We’ve noticed that typically organisations have a wealth of data about their customers, competitors, and market trends that they use to optimise their operations.  However, it is surprising how little data they have on their most valuable asset, their people.  At Psych Press, our organisational psychologists have utilised their backgrounds in human-centred design to develop an advanced 360-degree system which can be set up for you your company within just a couple of minutes.

Learnability is an indispensable capability for employees the modern business world. It is an aspiration and capacity to improve new in-demand skills quickly to meet the needs of a constantly shifting employability marketplace. Over the last decade, learnability has become one of the most important soft skills required to stay relevant in organisational environments. The advent of the internet, subsequent globalisation and technological innovation has profoundly changed the professional landscape we operate in. The increased pace of change associated with these factors has highlighted learnability as an indispensable trait that employers need to search for during the recruitment / selection and employee development processes.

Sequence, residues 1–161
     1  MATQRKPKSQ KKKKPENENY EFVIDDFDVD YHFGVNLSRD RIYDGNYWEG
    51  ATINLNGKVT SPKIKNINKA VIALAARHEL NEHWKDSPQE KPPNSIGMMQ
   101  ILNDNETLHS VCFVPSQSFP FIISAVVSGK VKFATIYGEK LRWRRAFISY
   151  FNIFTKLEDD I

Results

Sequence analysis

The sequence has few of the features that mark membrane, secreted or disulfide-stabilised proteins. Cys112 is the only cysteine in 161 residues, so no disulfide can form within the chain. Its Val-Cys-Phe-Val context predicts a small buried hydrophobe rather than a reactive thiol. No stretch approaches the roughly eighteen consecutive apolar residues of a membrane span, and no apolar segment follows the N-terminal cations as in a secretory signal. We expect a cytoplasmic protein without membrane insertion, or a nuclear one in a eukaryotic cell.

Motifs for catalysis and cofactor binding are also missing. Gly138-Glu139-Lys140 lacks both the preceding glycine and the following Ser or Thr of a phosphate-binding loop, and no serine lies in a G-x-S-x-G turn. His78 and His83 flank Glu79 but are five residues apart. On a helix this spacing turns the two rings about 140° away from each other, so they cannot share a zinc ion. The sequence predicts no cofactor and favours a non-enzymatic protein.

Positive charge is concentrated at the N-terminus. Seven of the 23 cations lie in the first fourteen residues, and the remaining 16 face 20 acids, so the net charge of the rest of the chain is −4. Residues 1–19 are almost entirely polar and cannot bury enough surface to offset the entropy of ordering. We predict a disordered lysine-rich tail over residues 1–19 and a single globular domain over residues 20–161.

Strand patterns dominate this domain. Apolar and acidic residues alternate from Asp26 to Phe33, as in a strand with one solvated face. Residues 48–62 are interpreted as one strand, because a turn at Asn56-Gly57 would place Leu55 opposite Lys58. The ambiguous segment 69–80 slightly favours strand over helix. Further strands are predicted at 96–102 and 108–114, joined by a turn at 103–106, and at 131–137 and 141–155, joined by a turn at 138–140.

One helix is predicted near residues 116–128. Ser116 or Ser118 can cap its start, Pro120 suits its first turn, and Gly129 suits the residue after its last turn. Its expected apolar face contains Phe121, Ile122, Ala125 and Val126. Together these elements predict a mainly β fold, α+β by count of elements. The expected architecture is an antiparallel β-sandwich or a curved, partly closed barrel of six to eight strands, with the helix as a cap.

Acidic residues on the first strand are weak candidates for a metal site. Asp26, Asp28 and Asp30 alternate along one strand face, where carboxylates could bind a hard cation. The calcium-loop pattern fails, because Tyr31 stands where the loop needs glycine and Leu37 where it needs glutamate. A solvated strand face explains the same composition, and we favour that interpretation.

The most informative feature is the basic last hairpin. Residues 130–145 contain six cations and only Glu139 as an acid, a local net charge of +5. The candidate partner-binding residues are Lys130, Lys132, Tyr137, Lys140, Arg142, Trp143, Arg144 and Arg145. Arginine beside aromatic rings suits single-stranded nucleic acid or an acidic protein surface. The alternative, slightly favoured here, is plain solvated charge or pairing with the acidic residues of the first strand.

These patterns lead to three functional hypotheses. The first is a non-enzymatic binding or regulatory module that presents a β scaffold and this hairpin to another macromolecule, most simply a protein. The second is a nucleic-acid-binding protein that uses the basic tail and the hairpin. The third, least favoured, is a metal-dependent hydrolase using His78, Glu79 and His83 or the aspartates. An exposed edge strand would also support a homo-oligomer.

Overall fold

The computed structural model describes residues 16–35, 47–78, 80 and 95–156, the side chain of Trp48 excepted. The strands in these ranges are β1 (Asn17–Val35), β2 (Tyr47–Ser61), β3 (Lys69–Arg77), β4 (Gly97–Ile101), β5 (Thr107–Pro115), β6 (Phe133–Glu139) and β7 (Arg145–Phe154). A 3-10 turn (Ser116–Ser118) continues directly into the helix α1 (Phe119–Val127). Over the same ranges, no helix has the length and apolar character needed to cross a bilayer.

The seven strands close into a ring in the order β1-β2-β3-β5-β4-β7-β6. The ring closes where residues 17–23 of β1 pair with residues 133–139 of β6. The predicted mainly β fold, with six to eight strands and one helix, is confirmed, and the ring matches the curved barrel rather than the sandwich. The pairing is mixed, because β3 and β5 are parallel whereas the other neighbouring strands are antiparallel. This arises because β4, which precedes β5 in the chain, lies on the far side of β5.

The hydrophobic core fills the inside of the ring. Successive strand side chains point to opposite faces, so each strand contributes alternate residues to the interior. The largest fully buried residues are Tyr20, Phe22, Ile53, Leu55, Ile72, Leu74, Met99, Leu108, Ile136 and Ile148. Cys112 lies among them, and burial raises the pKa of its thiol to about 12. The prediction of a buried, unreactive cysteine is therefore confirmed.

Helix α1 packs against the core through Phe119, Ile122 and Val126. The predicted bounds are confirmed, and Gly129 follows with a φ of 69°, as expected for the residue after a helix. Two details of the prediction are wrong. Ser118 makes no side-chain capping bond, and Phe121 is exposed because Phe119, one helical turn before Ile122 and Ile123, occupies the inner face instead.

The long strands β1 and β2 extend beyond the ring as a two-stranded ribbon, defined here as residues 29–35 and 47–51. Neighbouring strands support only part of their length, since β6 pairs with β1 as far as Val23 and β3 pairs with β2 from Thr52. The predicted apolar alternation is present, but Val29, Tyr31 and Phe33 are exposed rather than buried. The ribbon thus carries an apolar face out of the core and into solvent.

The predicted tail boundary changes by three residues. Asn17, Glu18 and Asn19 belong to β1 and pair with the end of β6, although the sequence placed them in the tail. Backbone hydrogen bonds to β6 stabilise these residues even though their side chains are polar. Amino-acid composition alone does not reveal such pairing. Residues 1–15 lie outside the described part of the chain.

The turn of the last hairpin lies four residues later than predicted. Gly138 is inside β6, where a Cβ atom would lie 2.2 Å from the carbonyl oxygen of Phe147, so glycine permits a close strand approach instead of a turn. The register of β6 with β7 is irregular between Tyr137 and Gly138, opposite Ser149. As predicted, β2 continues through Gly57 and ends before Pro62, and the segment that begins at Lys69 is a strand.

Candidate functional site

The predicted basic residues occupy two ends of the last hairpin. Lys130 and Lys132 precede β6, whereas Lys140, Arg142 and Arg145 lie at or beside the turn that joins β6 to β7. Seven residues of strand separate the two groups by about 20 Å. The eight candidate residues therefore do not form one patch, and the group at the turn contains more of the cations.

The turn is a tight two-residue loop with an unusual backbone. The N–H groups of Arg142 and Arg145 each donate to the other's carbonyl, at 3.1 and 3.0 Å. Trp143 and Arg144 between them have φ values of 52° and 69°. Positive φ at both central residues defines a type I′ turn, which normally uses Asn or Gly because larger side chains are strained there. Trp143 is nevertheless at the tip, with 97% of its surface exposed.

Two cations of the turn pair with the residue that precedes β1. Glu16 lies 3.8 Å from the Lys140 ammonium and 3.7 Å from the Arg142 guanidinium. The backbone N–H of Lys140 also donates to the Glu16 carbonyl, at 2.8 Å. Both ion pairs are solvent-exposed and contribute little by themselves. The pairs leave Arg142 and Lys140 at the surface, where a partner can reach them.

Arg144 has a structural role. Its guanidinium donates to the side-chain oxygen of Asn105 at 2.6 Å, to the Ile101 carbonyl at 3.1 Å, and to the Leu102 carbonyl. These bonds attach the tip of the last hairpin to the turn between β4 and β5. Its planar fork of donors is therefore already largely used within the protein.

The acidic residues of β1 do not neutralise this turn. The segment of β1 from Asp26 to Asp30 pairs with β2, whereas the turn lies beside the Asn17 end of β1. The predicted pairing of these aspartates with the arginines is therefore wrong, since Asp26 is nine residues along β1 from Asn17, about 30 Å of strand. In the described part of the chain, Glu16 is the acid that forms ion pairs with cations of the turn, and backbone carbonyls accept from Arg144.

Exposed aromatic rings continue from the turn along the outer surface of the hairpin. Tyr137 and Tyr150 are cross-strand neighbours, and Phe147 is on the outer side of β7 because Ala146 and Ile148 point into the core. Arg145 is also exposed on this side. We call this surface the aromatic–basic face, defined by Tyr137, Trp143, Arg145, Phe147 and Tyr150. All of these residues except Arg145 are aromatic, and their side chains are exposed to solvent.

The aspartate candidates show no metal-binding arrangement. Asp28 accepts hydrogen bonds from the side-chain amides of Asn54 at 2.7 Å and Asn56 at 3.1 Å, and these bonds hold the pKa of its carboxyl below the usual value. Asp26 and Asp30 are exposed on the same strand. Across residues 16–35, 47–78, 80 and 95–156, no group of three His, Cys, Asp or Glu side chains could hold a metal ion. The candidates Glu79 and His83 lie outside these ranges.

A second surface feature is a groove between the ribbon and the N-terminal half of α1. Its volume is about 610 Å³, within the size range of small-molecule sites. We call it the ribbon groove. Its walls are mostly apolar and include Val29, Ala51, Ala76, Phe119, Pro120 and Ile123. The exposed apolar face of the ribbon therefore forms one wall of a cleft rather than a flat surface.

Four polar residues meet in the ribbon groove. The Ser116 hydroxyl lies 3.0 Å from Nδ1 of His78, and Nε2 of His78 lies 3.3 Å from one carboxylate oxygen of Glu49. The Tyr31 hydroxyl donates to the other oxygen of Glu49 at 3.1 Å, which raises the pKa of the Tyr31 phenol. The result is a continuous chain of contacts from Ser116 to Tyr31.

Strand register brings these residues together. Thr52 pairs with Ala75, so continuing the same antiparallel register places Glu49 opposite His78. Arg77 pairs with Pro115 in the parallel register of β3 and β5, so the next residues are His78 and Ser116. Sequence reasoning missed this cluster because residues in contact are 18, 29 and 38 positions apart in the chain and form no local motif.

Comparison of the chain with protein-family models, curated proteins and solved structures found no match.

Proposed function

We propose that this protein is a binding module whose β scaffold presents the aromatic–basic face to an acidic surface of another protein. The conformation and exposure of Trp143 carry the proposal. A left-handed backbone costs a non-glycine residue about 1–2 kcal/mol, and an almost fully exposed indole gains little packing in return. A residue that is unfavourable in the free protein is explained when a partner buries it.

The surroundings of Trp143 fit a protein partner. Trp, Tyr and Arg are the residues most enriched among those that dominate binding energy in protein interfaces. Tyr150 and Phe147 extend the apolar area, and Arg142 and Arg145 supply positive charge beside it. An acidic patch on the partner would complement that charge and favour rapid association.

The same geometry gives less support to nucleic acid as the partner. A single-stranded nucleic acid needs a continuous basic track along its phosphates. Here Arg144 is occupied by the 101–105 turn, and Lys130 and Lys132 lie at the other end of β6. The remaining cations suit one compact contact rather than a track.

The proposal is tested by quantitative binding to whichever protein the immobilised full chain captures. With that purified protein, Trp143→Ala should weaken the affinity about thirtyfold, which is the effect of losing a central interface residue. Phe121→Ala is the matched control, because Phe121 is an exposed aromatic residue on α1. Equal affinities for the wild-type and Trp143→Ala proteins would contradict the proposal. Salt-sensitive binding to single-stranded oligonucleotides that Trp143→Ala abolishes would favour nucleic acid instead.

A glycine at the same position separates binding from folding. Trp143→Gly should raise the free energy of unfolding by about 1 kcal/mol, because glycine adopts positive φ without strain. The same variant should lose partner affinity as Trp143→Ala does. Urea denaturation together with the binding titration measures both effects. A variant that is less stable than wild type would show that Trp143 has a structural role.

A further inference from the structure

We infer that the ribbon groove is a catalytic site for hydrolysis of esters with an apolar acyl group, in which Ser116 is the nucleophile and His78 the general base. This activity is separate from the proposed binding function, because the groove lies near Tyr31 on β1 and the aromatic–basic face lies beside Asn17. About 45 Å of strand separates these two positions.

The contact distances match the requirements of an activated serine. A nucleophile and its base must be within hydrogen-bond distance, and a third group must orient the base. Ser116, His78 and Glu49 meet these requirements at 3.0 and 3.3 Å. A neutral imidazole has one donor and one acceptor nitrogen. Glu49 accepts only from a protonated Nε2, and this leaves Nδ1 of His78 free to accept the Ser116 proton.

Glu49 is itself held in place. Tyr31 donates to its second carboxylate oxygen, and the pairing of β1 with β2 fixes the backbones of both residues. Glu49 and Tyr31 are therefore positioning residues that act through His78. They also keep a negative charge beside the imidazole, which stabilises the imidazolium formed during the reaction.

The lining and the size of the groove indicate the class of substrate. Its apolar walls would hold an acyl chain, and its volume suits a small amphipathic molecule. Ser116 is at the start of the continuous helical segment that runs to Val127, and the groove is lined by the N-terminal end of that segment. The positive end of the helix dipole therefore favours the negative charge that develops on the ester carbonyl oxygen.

Do you have a learning mindset? 

Take the Psych Press Learning Mindset Quiz to find out. 

Why is Learnability Important?
Continuous professional development is critical for employees wanting to remain attractive to employers. In fact, the critical employee success factors of efficiency, agility, job satisfaction and performance are determined by an ability to learn and adapt to change in the workplace. This ability is a major determinant of promotion and career advancement. Learnability is also critical from a management perspective. A workforce that can adapt to new technologies and industry standards is more likely to remain significant in their market.